Mexico City: Places to Explore

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Bosque de Chapultepec and Zona Rosa

Bosque de Chapultepec, named for the chapulines (grasshoppers) that populated it long ago, is the city's largest park, a great green refuge from concrete, traffic, and dust. It's also home to a castle, a lake, an amusement park, the Mexican president's official residence, and five world-renowned museums. If you have time to visit only one of Bosque de Chapultupec's museums, make it the Museo Nacional de Antropología.

Stores, hotels, travel agencies, and restaurants line the avenues of the touristy (with the mushrooming of fast-food spots and some tacky bars and stores, the area has lost some of its former appeal) Zona Rosa, just east of the park. There aren't many sights in Zona Rosa, so consider combining some time in the park with a meal and some shopping here. The 29-square-block area is bounded by Paseo de la Reforma on the north, Niza on the east, Avenida Chapultepec on the south, and Avenida Floréncia on the west.

Most of the buildings were built in the 1920s as two- and three-story private homes for the well-to-do. All the streets are named after European cities; some, such as Génova, are garden-lined pedestrian malls accented with contemporary bronze statuary.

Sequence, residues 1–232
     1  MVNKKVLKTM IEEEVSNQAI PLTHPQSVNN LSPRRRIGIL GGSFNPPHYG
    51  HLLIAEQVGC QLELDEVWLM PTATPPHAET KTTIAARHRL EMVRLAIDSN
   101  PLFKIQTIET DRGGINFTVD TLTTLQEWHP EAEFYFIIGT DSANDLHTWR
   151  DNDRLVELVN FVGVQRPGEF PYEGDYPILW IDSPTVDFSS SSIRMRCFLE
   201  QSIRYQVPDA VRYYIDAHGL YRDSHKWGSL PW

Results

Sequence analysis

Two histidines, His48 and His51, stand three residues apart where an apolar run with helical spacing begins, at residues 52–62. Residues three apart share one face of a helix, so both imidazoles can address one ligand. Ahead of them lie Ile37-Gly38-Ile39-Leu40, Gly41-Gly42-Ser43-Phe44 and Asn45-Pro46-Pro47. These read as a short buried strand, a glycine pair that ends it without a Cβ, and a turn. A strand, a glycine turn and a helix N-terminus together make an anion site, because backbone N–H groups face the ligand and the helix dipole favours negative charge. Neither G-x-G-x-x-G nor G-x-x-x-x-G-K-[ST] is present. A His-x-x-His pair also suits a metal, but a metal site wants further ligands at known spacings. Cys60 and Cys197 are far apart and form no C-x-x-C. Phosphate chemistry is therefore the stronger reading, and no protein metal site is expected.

You can head right to the park or start your exploration of the Zona Rosa at the junction of Reforma, Avenida Juárez, and Bucareli. The best-known landmark here is the Monumento a la Independencia, also known as El Angel, which marks the western edge of the Zona Rosa. To enjoy the Zona Rosa, walk the lengths of Hamburgo and Londres and some of the side streets, especially Copenhague—a veritable restaurant row. There's a crafts market, Mercado Insurgentes, also known as Mercado Zona Rosa, on Londres. Four blocks southwest of the market, at Avenida Chapultepec, you'll come to the main entrance of the Bosque de Chapultepec.

You can easily spend an hour at each Bosque de Chapultepec museum, with the exception of the Museo Nacional de Antropología, which is huge compared with its sister institutions. There you can have a quick go-through in two hours, but to appreciate the fine exhibits, anywhere from a half day to a full day is more appropriate. Tuesday through Friday are good days to visit the museums and stroll around the park. On Sunday and on Mexican holidays they're often packed with families, and if you get to the Museo Nacional de Antropología after 10 am, you can expect to spend considerable time there, waiting.

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